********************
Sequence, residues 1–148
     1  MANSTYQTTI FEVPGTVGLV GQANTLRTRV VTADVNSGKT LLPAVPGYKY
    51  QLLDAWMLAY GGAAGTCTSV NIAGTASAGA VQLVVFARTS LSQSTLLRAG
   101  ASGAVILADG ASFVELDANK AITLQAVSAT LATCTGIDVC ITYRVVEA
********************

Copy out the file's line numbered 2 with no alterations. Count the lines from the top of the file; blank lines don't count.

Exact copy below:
     1  MANSTYQTTI FEVPGTVGLV GQANTLRTRV VTADVNSGKT LLPAVPGYKY